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Magic show highlights weeklong youth program

Posted 6/16/2008

TMCC duo to present educational show during Discover Your Future

Magic is not a new concept, but the interest continues to prove otherwise.

"Magic has been around since the time of Egyptians for thousands and thousands of years," said Dr. William Mehm, professor at Truckee Meadows Community College. "Many spiritualists did magic tricks to make them seem like they had special powers. The paranormal has an enormous attraction. Any efforts that we go through to correct that, which look like an illusion, make a small dent in the misleading passion. They’re just absolutely drawn to it."

Mehm, along with his mentor Dennis Dobies, a full-time Reno magician who teaches magic classes at TMCC, will attempt to electrify the audience during Discover Your Future, a weeklong college and careers program for high school students held at the University of Nevada, Reno campus. The duo will give a presentation following the program’s banquet Wednesday at 7:30 p.m. at the Joe Crowley Student Union.

"What you do in magic is you have to work within physical laws but you appear like you’re violating those laws," Mehm said. "If you’re honest about it, then it’s good entertainment."

For many of students, faculty, family and friends in attendance, Mehm’s and Dobies’ show could be a first-time experience. Illusions and deceptions from movies, like "The Illusionist" and "The Prestige," will be used during next week’s presentation.

"Those are pretty good movies. They came clean with it and I liked it," Mehm said.

But Mehm will take the show one step further. Mehm and Dobies will use volunteers from the audience for their acts and then explain and analyze the tricks to show that science education uses critical thinking skills.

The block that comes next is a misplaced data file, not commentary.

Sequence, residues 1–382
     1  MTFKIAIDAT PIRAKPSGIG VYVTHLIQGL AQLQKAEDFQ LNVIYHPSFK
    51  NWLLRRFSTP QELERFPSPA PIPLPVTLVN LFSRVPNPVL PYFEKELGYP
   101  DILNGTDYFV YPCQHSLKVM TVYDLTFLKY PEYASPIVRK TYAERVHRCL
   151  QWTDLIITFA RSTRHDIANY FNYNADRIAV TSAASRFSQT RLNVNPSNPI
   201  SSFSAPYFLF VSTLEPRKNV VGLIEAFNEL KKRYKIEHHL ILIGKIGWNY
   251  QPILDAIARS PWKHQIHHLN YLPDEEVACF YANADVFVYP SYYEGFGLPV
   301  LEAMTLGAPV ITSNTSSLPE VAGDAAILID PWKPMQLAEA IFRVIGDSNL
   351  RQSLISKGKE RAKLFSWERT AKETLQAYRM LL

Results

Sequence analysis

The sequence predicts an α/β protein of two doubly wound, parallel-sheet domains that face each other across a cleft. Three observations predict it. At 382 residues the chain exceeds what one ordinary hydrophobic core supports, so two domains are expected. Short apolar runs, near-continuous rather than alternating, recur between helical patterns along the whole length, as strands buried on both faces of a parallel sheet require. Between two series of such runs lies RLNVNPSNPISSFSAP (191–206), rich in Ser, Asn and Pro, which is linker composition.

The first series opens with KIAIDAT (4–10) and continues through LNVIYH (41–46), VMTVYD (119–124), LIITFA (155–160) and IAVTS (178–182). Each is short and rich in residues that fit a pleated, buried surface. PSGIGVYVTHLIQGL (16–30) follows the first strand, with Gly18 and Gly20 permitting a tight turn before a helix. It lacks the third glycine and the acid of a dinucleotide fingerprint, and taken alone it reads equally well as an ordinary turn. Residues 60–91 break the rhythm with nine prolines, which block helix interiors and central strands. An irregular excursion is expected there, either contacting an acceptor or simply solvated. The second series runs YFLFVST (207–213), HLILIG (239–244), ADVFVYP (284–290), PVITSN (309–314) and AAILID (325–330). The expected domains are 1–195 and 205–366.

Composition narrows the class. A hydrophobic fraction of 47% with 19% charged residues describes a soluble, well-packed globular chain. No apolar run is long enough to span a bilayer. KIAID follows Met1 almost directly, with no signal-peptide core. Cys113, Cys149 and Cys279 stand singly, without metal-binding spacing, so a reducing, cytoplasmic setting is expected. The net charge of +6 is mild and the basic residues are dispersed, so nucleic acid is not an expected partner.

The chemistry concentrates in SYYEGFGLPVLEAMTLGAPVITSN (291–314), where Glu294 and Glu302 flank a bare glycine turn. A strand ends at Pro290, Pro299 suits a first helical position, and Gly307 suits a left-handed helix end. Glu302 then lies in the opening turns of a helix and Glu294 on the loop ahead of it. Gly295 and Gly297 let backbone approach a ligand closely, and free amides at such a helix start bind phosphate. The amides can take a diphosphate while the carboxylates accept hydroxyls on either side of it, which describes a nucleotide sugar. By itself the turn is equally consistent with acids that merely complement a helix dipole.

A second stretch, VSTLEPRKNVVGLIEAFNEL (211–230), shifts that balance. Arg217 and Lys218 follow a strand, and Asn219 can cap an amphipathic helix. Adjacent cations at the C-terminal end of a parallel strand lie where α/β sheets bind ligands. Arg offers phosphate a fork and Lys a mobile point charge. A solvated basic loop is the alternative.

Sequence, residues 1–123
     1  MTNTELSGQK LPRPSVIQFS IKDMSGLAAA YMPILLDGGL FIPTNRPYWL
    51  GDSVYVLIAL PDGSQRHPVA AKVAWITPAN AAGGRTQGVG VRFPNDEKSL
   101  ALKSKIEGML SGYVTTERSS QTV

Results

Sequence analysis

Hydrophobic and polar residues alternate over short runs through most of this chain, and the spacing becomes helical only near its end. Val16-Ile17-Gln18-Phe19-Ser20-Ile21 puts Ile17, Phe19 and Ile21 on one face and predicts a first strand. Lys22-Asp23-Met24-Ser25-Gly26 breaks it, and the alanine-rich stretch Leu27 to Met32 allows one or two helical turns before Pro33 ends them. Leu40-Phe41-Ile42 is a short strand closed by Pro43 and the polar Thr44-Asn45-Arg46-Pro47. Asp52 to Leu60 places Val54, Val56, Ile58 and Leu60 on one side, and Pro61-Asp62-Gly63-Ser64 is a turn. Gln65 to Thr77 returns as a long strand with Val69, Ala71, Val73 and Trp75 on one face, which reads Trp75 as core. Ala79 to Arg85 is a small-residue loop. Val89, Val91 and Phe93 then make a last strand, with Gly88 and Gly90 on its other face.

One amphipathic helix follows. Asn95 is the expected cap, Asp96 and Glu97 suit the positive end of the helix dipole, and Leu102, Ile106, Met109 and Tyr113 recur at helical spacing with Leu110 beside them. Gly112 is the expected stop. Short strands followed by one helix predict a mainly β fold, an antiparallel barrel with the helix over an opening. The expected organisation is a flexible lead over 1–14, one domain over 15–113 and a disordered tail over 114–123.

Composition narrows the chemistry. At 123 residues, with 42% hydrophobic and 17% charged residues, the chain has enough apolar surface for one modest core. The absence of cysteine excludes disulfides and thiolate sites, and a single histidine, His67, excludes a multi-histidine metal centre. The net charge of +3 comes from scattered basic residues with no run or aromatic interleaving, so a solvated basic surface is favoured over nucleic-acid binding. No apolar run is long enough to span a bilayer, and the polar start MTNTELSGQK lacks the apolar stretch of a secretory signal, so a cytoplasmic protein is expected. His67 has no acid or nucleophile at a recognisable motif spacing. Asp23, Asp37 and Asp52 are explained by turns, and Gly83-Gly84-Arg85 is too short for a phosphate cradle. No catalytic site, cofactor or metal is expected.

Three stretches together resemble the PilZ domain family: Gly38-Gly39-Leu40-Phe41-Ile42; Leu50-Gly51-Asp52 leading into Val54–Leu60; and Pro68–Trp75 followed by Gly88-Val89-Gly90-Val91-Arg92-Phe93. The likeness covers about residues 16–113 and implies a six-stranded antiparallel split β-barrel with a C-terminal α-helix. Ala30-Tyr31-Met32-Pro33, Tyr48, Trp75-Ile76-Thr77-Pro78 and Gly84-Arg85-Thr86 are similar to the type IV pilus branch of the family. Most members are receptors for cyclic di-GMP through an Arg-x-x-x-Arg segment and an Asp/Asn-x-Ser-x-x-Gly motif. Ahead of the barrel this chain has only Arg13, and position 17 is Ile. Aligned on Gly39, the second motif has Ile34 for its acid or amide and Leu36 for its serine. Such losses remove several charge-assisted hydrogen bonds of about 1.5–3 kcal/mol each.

"How do you analyze phenomena and make sense out of that?" Mehm asked. "To do that and to help with critical thinking skills, we go through the scientific method and critical thinking steps. Illusions appear to look like something. You have something disappear but it doesn’t. It looks like it does."

Mehm said he will use the nine claims of the paranormal to analyze the magic tricks. He and his partner plan on using a different trick for each claim.

"There are nine things you believe are possible. We go through these nine claims," he said. "We do an example of each one. We have no powers, therefore, it has to be an illusion. You as an audience member have to be aware."

Mehm said that the main concept to the show will be on deception with the human eye and mind. Observers have to watch carefully and cannot fall for an illusion, but Mehm said it’s difficult.

"All we really have to observe the world are our eyes and mind," Mehm said. "An example is how the eye is designed in such a way that it can easily be fooled. I’ll have them look at a ghost that’s really not there. We depend on the eye and it misleads us for observation. Look at the brain, you have something right in front of your eyes and you won’t even see it. They can’t believe it."

Mehm’s experience speaks for itself although he got into magic just two years ago. He was in the Air Force for 26 years and worked in biomedical science before retiring as an officer. Mehm researched and worked with NASA and the military on projects with human physiology, like helping pilots with disorientation.

"I studied magic and found it an immediate application to teaching science," said Mehm who retired in 2002 and then joined TMCC. "It turned out to be a wonderful way to teach critical thinking. This is the second show and Dobies and I are trying different aspects to analyze data. We’ve gone to some Washoe County schools, and the Coral Science Academy kids came up and said they popped everyone’s bubble in believing this stuff. We felt pretty good about this because the kids got the message."

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